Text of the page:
A3Writer: M3 Library: The Holy Bible
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Monday, February 22, 2016

M3 Library: The Holy Bible

            I own more editions of The Holy Bible (including separate editions of The Books of Moses) than any other book of mythology. I know some people get prickly when it comes to thinking of the Bible as mythology, but it is. We’re just talking about these cultural stories. The reason I own so many (5 at last count) is because the translations can vary so widely. No book has been translated as many times as the Bible. Nor has any book had its translation disputed as much as the Bible.
A lot of this has to do with the specific languages the Bible has been through before getting to modern times. Moreover, the Ancient Hebrews and Israelites have a different culture, and a different method of storytelling than what we think of normally in modern, Western culture. Culturally-specific idioms and language patterns are present throughout the Bible, but scholars have had wildly different opinions as to what those mean, or whether or not they should be included (such as the practice of repeating certain phrases).
It can be daunting to know where to start when it comes to the Bible. I recommend a good Study Bible to start. Harper produces a good one, as does Oxford, but there are many others. These will include copious footnotes about culture and translation, as well as thoughtful essays to understanding the culture and context of Biblical stories.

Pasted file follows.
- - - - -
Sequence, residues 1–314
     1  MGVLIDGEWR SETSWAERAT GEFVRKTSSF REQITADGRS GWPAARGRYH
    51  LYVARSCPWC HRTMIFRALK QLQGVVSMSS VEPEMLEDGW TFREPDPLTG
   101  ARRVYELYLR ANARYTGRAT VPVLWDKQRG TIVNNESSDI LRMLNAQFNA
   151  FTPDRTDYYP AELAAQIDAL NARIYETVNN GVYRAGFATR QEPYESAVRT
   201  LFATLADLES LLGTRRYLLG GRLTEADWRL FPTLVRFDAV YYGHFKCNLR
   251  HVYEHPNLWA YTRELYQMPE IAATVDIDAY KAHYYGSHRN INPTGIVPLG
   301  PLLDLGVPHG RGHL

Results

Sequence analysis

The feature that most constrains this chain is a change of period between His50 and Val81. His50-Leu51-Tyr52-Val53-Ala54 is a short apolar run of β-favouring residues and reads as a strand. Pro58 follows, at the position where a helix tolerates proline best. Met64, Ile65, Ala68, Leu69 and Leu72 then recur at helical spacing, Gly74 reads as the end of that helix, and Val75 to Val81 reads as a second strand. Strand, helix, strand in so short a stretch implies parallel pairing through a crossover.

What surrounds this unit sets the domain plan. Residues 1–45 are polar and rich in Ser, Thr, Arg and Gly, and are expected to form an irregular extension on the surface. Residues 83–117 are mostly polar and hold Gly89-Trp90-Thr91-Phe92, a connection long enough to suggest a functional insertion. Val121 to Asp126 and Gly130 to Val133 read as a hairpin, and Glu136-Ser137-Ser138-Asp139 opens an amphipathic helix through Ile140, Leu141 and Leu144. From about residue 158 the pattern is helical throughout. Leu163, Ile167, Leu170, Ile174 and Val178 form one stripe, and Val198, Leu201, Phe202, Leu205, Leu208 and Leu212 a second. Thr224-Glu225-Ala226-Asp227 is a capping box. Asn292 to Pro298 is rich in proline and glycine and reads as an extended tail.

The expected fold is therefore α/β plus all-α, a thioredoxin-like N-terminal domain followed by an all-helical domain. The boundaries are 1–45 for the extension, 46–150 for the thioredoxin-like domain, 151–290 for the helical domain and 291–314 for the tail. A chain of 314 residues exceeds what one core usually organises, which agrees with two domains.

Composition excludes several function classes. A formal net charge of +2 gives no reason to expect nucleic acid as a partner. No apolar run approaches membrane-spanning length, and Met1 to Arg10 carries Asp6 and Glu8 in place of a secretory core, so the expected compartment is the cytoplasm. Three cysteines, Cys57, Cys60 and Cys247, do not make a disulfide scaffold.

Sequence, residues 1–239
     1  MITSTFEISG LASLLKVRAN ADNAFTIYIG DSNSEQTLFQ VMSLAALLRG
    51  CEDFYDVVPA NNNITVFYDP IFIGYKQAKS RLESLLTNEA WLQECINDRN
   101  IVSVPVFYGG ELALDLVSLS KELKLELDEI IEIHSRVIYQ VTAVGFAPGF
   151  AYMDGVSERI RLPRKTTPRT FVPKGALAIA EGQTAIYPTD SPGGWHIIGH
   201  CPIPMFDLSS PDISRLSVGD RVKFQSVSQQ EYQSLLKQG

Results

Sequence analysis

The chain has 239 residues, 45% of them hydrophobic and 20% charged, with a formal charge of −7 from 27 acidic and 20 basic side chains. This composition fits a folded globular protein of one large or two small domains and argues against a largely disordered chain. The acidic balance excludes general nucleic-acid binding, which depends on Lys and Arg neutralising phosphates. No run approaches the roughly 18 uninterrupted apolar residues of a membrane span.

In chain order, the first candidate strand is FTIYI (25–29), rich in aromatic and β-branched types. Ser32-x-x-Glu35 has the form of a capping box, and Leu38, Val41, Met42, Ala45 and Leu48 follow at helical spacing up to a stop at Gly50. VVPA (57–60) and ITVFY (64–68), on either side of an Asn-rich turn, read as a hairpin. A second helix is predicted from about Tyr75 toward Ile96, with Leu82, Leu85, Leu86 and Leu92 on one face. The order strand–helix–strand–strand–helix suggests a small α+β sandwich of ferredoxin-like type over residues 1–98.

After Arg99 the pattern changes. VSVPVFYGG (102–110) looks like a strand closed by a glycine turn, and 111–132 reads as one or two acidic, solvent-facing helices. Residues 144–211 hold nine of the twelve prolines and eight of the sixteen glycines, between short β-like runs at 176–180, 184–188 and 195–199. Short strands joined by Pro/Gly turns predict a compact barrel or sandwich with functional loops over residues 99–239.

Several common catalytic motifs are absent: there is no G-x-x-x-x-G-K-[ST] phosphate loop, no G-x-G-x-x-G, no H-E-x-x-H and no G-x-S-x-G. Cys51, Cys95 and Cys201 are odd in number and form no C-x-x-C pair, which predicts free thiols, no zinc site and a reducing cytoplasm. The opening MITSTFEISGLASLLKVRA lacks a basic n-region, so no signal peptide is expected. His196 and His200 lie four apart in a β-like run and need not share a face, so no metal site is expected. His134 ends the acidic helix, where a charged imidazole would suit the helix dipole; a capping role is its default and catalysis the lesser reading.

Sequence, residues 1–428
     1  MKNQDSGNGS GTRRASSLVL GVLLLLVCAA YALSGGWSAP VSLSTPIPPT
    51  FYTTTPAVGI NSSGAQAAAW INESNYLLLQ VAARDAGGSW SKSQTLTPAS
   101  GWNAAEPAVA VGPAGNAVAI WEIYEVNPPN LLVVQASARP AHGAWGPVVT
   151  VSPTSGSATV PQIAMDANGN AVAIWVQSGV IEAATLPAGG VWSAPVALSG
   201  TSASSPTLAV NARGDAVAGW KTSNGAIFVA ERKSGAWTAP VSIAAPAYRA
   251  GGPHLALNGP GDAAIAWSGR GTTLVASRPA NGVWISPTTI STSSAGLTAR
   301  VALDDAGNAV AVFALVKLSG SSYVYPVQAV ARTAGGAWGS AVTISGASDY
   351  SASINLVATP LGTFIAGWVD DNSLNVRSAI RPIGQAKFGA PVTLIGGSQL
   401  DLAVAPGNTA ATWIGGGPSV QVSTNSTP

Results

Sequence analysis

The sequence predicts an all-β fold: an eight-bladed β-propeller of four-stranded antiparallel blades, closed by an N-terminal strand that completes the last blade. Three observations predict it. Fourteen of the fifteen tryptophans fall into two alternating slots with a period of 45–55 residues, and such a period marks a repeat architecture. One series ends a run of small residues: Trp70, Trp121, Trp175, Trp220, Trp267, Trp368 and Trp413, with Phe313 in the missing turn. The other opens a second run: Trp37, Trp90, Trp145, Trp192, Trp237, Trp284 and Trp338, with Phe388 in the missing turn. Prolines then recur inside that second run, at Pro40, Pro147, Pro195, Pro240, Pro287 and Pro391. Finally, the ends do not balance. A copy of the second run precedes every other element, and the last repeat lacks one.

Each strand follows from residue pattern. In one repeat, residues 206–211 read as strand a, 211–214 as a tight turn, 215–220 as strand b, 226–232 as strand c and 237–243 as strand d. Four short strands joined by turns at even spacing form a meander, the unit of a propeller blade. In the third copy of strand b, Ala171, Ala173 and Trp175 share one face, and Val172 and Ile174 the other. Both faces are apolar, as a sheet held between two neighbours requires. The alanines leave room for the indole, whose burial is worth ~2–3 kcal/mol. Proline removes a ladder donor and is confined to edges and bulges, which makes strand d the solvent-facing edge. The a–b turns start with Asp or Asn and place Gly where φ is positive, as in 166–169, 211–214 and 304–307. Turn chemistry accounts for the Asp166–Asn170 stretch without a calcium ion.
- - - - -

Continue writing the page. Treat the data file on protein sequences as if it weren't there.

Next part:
When it comes to which translation to use, that I leave up to you. The American Standard and New Revised Standard are good choices. I have a soft spot for the poetry of the King James as well. But then I frequently look at about three different translations before I try and make an interpretation of a Biblical story.
I will say don’t consult editions like The Message (or those similar to it). These are not translations. They are interpretations. The people responsible for these editions have gone through and supplied what they believe the stories to mean, and retold them in such a way as to only mean that interpretation. You don’t have to take my word for it. Just compare one of the standard translations with that of The Message, and you will see a clear difference. Is it easier to understand The Message? Yes. But that’s because they have removed all ambiguity. They have also stripped the stories of their context and culture by doing so.
The same can be said for Children’s bibles. These change the story in subtle yet significant ways. The goal is to make them easier for children to understand, but then, that’s the problem. These are not stories that are very easy to understand. They are complex and rich with meaning and cultural context that is lost by simplifying the story.



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